When you reach speeds of more than 200 miles per hour, something else you don’t want is bad runoff. The paved parts of a racetrack normally extend well beyond the painted lines, particularly at corners. When they approach a turn, racecars have to slow down because they’ve built up so much energy in the straight. Supposing that a vehicle has too much energy, the turning radius will increase, causing the car to make a wide turn, sometimes into the runoff. This of course allows for a certain margin of error. While newer tracks like Montreal have paved runoff, older circuits like Imola have grass or gravel, making them more punishing for drivers. Monaco by contrast features nothing but metal barriers.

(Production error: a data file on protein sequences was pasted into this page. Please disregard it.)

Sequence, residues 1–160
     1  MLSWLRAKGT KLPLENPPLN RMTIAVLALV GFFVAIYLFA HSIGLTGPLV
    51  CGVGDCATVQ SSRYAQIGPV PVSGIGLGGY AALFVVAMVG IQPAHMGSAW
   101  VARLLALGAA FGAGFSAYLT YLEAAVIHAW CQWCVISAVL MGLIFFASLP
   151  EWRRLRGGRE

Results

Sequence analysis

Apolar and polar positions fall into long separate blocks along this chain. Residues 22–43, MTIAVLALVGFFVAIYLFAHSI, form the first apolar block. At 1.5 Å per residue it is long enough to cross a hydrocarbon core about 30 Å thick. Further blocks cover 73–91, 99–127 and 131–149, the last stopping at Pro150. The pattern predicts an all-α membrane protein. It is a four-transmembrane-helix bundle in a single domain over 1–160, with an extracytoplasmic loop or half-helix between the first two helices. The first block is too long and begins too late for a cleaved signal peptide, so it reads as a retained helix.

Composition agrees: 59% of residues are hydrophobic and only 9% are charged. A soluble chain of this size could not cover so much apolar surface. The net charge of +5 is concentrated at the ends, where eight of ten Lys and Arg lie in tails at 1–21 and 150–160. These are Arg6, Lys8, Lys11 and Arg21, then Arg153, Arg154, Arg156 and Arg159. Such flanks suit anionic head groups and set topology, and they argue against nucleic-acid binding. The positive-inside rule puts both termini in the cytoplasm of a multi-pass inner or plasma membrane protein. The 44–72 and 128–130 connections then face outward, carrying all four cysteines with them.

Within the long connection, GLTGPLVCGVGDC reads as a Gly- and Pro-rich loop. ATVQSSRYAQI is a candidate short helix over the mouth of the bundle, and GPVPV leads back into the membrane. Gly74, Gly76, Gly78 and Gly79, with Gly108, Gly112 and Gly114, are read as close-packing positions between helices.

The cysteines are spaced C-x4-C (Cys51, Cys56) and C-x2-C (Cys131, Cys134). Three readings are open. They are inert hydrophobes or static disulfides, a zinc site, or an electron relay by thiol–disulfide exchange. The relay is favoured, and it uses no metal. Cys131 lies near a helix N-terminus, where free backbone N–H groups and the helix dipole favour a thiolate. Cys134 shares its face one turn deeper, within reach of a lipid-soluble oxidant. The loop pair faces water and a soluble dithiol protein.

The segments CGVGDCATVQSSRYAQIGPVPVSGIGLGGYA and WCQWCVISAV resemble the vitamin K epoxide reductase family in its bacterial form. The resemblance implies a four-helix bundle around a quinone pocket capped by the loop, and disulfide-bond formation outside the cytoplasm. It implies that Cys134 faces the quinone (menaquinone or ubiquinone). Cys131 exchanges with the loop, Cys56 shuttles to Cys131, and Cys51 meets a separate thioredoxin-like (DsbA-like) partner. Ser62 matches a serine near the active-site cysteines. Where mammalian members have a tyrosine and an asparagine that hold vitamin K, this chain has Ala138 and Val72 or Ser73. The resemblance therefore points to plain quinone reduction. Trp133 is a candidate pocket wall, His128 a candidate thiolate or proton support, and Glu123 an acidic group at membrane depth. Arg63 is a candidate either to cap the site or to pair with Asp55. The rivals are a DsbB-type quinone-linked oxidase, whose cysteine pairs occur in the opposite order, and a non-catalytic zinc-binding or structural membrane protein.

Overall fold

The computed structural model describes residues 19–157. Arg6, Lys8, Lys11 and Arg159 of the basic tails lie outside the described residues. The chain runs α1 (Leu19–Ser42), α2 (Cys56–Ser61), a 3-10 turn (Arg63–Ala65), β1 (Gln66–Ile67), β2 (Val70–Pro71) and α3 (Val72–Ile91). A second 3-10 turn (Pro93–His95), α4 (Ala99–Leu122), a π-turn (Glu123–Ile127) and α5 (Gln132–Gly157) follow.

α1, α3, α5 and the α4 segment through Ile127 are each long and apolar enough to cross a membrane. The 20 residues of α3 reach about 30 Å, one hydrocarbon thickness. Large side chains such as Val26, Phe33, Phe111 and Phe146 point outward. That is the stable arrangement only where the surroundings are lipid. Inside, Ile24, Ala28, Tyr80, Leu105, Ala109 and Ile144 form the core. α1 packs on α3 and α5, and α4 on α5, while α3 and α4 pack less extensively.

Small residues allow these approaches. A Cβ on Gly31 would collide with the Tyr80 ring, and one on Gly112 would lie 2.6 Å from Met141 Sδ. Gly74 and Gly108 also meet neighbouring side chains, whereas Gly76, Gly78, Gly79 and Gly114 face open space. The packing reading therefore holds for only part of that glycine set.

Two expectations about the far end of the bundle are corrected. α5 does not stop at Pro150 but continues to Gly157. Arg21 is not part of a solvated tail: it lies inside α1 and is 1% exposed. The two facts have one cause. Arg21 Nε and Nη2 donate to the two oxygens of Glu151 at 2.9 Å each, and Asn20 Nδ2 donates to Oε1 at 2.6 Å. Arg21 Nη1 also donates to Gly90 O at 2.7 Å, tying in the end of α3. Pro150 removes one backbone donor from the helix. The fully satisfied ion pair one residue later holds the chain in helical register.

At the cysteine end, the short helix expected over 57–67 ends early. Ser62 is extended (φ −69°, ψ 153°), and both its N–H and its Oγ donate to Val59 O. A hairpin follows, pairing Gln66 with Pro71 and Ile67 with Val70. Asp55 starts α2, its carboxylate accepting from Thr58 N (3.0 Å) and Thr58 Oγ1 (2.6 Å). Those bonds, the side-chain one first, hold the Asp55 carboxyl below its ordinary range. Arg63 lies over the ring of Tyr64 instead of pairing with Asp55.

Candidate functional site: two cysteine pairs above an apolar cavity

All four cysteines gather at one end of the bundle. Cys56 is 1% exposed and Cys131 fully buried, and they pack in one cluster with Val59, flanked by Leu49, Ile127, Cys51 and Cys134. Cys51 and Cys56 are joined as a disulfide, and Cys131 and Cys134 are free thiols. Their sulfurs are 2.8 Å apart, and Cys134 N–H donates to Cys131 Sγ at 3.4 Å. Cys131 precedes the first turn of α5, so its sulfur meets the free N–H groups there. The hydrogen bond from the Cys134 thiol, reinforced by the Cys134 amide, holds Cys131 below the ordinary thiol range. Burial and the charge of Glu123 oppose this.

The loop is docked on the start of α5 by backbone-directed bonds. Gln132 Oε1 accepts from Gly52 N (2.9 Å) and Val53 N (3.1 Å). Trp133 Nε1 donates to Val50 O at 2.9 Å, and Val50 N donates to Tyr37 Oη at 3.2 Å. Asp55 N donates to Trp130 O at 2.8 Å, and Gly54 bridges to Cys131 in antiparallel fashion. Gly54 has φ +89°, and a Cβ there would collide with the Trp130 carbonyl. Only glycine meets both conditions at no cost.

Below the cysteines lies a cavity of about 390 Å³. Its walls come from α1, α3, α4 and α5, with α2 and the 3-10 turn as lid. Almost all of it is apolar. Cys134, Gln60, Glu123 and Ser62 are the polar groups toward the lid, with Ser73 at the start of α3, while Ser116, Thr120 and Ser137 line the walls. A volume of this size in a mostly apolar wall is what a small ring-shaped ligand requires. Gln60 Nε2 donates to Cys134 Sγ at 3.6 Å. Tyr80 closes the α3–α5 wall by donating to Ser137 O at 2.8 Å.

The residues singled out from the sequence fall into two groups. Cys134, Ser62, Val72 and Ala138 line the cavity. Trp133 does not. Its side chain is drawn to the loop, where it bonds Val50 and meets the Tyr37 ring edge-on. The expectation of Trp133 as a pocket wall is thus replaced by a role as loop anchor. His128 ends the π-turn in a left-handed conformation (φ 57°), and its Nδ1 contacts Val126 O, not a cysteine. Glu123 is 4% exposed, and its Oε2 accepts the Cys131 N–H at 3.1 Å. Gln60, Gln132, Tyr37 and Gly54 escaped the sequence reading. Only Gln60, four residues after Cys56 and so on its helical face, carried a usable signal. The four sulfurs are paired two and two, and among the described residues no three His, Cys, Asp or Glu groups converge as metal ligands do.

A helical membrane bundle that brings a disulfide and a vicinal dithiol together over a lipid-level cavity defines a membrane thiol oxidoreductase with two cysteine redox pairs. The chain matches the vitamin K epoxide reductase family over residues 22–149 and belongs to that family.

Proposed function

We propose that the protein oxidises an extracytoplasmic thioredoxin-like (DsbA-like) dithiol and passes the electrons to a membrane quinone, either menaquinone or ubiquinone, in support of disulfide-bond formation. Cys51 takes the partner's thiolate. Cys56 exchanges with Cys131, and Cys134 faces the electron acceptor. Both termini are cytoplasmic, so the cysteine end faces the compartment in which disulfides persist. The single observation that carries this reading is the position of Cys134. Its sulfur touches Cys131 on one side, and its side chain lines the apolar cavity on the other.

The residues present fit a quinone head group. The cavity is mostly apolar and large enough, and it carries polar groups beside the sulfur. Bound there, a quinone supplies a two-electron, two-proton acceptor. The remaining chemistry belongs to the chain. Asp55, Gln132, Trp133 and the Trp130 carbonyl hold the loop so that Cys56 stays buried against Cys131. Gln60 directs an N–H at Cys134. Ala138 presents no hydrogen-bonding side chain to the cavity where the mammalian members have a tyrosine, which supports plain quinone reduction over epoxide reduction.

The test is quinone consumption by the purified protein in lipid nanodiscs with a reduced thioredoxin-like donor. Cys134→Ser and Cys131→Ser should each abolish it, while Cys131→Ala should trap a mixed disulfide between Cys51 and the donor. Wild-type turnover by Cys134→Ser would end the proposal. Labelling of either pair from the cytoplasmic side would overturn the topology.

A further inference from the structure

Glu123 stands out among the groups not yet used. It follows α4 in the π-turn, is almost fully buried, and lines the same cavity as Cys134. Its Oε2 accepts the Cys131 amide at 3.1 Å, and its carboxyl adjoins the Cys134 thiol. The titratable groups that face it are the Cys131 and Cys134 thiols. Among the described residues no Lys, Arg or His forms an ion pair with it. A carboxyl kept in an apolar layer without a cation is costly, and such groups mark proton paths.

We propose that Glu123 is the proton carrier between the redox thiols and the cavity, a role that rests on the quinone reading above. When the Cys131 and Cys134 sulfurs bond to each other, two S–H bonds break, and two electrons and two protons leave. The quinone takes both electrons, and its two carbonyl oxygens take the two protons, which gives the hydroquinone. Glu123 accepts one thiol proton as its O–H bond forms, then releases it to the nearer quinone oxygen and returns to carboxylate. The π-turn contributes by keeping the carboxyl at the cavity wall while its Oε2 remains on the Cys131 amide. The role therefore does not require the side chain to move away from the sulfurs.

As a spectator, you really want a good show, meaning that you’re looking for overtakes. These mostly take place in the straights, but everybody likes variety, so you also need some corners in there. I can’t think of too many racetracks that don’t have a couple of the sharp curves called chicanes and at least one hairpin. While there can be great passing in the corners, the straights are still where the most of the overtakes happen, though. You see, there’s a rule in Formula 1 which basically bans moving parts affecting the aerodynamics. The only exception is a feature known as the drag reduction system. This involves adjusting part of the rear wing on command as a means of increasing top speed by cutting down drag, something which of course makes overtaking much easier. The use of this feature is naturally restricted, meaning that drivers can only deploy the device when they’re within one second of the vehicle being overtaken. They also have to be on a specifically designated part of the racetrack, almost always a straight. The result is what looks like a sudden burst of speed allowing the overtaking vehicle to pull ahead. You often see defensive driving aimed at fending off this attack, but the possibility of a crash makes maintaining their position a real risk, so drivers mostly play it safe. There nonetheless have been some prodigious pileups providing plenty of excitement for spectators.